Blinken Meets With Israeli Officials Amid Gaza Ceasefire Push, Deliberations on Israeli Offensive in Rafah

U.S. Secretary of State Antony Blinken met with officials in Israel to discuss the war in the Gaza Strip. Protesters in Tel Aviv called for the United States to pressure Israel and Hamas to reach a ceasefire deal to release the hostages.

Secretary of State Antony Blinken met with Israeli Prime Minister Benjamin Netanyahu, President Isaac Herzog, and War Cabinet Minister Benny Gantz, on Wednesday as the United States hopes to facilitate a temporary ceasefire in the ongoing Israel–Hamas war and advance other humanitarian considerations amid the conflict.

“The Secretary discussed ongoing efforts to reach an immediate ceasefire in Gaza as part of a hostage deal and emphasized that it is Hamas that is standing in the way of a ceasefire,” State Department spokesman Matthew Miller announced after Mr. Blinken arrived in Israel for the talks.

Israeli negotiators recently submitted a proposal for a temporary ceasefire, allowing for a limited exchange of hostages taken by Hamas terrorists on Oct. 7, 2023. Speaking at a World Economic Forum conference in the Saudi Arabian capital of Riyadh on Monday, Mr. Blinken described the Israeli ceasefire terms as “extraordinarily generous” and insisted Hamas accept the offer.

Part of the breakdown in the ceasefire talks has been over how long a pause in the fighting would last.

Mr. Netanyahu has said one major goal of the ongoing Israeli military operations is to bring about Hamas’s total defeat. The Israeli side has argued for a temporary pause in the fighting, while Hamas has been reluctant to relinquish its hostages without a permanent ceasefire and withdrawal of Israeli forces from the territory.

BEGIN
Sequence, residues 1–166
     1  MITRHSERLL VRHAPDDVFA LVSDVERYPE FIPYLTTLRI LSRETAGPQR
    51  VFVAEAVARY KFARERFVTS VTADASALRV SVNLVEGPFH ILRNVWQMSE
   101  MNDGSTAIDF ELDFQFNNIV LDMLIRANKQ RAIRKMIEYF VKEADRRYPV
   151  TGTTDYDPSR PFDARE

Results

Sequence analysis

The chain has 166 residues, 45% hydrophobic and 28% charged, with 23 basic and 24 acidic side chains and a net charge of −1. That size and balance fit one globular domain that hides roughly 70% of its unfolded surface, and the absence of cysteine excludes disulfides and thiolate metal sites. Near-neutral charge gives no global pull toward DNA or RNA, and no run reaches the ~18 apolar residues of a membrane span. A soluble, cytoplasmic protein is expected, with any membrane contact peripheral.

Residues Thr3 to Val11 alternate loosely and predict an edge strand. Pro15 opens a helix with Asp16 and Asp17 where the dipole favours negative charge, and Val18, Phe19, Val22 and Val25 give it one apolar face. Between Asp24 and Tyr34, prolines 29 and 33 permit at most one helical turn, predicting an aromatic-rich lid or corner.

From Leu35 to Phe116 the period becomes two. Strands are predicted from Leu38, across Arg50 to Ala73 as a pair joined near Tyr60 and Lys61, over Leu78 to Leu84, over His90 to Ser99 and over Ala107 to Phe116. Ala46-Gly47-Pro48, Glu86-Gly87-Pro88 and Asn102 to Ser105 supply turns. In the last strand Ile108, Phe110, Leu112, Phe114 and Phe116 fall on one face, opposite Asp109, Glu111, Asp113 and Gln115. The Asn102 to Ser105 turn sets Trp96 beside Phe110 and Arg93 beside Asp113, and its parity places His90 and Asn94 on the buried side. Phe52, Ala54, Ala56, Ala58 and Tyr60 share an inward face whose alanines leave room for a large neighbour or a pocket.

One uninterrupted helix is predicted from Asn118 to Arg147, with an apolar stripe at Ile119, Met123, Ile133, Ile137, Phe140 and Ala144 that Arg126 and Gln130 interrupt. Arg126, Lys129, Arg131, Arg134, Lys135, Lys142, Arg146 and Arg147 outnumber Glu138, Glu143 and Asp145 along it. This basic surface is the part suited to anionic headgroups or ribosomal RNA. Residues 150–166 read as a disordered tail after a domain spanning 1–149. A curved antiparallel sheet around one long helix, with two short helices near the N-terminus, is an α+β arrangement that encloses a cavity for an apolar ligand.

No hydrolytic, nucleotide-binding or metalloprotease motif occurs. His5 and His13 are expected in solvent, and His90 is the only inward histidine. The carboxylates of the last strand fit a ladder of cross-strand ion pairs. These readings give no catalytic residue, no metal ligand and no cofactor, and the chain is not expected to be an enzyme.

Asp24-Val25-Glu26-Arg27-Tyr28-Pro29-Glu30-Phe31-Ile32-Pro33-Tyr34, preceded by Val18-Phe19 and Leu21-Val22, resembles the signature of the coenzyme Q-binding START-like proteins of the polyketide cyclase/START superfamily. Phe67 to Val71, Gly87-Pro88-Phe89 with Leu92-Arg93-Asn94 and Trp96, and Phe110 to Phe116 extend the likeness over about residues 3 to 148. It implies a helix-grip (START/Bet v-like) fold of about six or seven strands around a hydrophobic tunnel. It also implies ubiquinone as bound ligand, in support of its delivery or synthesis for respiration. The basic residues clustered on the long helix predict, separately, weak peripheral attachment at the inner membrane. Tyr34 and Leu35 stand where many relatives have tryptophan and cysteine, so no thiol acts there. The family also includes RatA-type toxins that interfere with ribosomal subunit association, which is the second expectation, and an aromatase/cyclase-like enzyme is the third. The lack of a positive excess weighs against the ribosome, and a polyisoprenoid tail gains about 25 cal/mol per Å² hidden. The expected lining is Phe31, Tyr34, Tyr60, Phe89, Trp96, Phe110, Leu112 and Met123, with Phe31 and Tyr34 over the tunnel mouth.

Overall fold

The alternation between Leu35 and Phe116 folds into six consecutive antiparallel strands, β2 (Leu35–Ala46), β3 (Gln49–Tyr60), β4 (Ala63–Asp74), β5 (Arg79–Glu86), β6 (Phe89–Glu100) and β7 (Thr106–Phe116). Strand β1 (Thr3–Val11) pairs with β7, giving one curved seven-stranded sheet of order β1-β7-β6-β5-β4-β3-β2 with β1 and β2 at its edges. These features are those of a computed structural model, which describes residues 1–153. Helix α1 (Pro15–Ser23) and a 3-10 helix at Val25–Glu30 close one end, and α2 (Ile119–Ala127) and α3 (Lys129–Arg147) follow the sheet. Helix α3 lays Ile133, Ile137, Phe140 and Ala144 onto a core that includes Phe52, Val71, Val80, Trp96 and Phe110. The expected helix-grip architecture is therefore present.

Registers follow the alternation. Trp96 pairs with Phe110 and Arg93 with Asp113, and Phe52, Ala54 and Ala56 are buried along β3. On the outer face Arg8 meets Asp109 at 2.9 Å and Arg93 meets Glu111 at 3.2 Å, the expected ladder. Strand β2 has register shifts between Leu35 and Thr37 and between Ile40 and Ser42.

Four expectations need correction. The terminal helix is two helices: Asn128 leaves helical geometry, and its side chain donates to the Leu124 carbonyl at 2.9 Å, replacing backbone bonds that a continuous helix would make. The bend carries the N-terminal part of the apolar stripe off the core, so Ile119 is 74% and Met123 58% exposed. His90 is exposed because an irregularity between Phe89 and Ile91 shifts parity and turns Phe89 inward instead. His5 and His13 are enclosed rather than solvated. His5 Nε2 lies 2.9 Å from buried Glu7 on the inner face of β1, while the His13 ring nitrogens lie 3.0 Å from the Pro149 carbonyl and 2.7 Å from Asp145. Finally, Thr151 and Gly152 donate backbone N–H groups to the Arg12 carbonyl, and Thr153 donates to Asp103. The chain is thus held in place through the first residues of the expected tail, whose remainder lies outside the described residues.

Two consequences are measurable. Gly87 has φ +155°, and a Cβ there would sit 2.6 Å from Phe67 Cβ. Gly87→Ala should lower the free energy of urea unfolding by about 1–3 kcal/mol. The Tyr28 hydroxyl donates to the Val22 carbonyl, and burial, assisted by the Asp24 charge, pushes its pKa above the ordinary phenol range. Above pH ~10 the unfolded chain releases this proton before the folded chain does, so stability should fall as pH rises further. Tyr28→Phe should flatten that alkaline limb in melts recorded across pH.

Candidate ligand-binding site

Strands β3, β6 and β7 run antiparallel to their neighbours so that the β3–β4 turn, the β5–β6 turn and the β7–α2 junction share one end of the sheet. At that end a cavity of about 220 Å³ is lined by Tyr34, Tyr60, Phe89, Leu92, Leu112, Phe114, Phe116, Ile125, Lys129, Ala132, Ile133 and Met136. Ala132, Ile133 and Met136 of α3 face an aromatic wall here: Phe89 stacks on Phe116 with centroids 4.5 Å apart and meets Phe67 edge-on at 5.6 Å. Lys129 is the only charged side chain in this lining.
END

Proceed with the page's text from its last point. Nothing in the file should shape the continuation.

“We are determined to get a ceasefire that brings the hostages home and to get it now, and the only reason that that wouldn’t be achieved is because of Hamas,” Mr. Blinken said during a brief media appearance on Wednesday ahead of his meeting with Mr. Herzog. “There is a proposal on the table, and as we’ve said, no delays, no excuses. The time is now, and the time is now long past due to bring the hostages home to their families.”

Biden Admin Continues to Oppose Rafah Offensive

In addition to discussing the ceasefire terms, Mr. Blinken reportedly “reiterated the United States’ clear position on Rafah.”

For weeks, the Netanyahu government has been deliberating over whether to send ground troops into the southern Gazan city of Rafah. The Netanyahu government views the city as one of the remaining strongholds for Hamas terrorists, but President Joe Biden’s administration has raised concerns about the risks Israeli military operations could pose to the city’s civilian population.

“We’ve said clearly and for some time now on Rafah that in the absence of a plan to ensure that civilians will not be harmed, we can’t support a military—a major military operation in Rafah,” Mr. Blinken said during his visit to Riyadh on Monday. “And we have not yet seen a plan that gives us confidence that civilians can be effectively protected.”